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Photo by Cheong Meng

Members of the Waste No Mall group (from left to right): volunteer Silvia Ng Ka I, Capricorn Leong Ho-fei, Benvinda dos Santos, Annie Lao Ka-weng, volunteer Flora Fong Lai-wa

prepare them for proper recycling and how to avoid their overall use. Consulting the Waste No Mall Facebook page, interested residents learn about the ‘collection depots’ where the programme takes place once every month. Leong believes that around 70 to 80 per cent of the items thrown out by people daily could be recycled or reused. “For example,” she says, “the paper or plastic – which is the most [waste] we create every day – if we treat it correctly, it could be recycled into plastic raw material again.” After the plastic and paper are collected, the recyclable waste is then shipped to a factory in Thailand where it is further processed. Leong believes that Macao should be responsible for its own waste. “If you find it’s difficult to separate so much rubbish,” she says, “then you have to try to minimise the rubbish in your life.” Two years ago, when Typhoon Hato hit the city, Leong credits the storm for raising awareness on the impact of rubbish in Macao. “The changing point was Hato, where people could see and feel the amount of trash [generated in the city],” she says. 24

However, Leong sees the difficulty of managing Macao’s territory-wide waste because of the large number of visitors who, she claims, ‘do not seem to share the same concern about the local environment as many residents do’. Another local similarly concerned about the situation in Macao is Wong Cheong-hong, the managing director of Kashun Environmental Protection Limited, a company that recycles plastics and crude oil. Wong says that an estimated 80 tonnes – nearly the weight of a Boeing 757-200 plane – of recyclable plastic refuse, which hails from businesses like laundromats and restaurants, is received by his company every month. He says this can include broken or old blue and green garbage bins that service Macao’s waste. All the plastic received by Wong’s company is broken down into smaller pieces, before being washed and then turned into rice grain-like pellets that are packaged and sent to China as raw materials. Kashun is one of only two plants in Macao that deals with recycling plastic – and he worries that he’ll not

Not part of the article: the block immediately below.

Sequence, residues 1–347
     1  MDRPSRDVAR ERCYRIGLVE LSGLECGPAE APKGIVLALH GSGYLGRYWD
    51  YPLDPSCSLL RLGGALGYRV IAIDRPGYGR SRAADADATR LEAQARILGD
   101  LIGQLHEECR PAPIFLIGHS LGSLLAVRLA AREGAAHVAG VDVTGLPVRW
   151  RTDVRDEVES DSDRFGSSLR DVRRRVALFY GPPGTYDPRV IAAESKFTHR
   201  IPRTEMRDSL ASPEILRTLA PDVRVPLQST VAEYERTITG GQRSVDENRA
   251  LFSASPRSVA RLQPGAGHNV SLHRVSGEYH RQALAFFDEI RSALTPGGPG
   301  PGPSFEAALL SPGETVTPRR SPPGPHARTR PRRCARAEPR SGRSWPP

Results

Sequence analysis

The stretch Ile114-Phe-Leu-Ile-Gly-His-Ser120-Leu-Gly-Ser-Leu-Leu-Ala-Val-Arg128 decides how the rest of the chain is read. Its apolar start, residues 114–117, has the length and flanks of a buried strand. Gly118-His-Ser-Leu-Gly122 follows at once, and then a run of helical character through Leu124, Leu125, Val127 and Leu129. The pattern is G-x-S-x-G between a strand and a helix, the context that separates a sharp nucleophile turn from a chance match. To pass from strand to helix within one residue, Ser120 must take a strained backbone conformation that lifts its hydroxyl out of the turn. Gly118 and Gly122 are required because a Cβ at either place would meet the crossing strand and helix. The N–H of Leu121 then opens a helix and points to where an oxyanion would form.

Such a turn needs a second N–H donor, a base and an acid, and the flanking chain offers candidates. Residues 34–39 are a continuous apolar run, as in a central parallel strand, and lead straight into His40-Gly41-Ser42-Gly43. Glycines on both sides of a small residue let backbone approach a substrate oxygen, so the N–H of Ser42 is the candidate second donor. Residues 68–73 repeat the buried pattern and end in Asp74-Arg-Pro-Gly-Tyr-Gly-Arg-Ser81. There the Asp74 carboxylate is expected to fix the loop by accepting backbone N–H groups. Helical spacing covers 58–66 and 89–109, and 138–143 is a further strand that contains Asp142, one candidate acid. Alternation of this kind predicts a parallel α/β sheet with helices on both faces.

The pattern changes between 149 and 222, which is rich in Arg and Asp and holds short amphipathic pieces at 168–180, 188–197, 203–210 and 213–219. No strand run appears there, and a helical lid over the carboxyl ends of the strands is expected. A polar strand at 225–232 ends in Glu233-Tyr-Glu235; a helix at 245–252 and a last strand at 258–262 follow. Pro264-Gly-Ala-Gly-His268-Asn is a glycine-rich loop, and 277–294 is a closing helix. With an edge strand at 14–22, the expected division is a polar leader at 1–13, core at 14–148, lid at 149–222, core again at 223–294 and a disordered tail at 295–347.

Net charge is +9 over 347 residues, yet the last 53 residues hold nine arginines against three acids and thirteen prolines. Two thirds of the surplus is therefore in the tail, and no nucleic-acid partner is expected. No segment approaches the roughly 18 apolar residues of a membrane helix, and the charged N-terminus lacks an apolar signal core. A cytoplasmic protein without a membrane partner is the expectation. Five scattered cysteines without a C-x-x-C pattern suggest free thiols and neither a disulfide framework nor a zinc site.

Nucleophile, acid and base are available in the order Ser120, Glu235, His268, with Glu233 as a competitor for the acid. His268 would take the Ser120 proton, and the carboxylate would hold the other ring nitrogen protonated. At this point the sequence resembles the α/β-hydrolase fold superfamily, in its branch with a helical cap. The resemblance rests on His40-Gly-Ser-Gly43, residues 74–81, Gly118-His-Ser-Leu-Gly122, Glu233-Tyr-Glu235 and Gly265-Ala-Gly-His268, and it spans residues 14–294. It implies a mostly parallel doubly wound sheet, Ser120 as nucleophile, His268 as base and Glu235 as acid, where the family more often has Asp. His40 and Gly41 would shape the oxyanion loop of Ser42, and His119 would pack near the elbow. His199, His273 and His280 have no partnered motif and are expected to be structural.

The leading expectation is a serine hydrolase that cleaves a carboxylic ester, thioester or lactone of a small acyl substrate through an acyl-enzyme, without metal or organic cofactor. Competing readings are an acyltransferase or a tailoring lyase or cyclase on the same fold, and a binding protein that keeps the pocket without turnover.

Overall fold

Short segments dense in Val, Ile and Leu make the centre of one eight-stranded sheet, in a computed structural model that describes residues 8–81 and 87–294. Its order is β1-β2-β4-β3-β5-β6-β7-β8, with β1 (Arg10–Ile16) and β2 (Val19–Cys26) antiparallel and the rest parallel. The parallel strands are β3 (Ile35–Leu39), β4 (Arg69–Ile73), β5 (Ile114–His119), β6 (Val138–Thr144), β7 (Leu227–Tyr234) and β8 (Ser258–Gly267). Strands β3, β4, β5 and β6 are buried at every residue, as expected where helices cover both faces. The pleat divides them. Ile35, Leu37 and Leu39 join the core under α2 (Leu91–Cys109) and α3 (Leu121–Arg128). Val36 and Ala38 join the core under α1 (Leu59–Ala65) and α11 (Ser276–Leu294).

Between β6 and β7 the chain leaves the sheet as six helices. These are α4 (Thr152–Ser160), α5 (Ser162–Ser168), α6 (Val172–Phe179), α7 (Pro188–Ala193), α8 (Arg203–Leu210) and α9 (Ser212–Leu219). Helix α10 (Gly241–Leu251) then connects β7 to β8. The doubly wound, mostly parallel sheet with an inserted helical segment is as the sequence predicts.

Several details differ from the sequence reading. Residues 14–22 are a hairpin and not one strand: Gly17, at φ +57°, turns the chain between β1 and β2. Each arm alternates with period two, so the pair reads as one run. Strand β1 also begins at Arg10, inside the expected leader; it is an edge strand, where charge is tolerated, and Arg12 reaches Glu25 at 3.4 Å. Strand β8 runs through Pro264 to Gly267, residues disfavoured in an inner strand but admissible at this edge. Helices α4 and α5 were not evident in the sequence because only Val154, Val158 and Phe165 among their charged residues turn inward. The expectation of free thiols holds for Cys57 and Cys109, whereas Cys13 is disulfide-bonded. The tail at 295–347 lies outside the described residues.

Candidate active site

be able to continue soon due to the costs of running the machines and paying the factory space rents. “I began my company in 2008,” he says, “and the recycling factory opened in 2017, but now the landlord wants to increase the rent and I don’t have the heart to try and stay. If I don’t have the space to work, then I don’t work.” The recycler has found that the amount of plastic in Macao has increased over the years – with much of it unfit to be recycled. He says sometimes the volume is also too much for his company to handle.

The eco-warrior With every year comes a new batch of eco-warriors. And one such young eco-activist in Macao is Annie Lao Ka-weng. In August last year, she raised an online petition to ban the use of singleplastics in the SAR. Her petition has garnered, to date, around 8,000 signatures and contains facts from a 2017 Environmental Protection Bureau report which noted that, on average, each person in Macao produces 2.16kg

Profile for Macaulink

Macao Magazine September 2019  

We have found alarming figures on plastic waste over the course of putting together this issue: 160,000 plastic bags are used every second a...

Macao Magazine September 2019  

We have found alarming figures on plastic waste over the course of putting together this issue: 160,000 plastic bags are used every second a...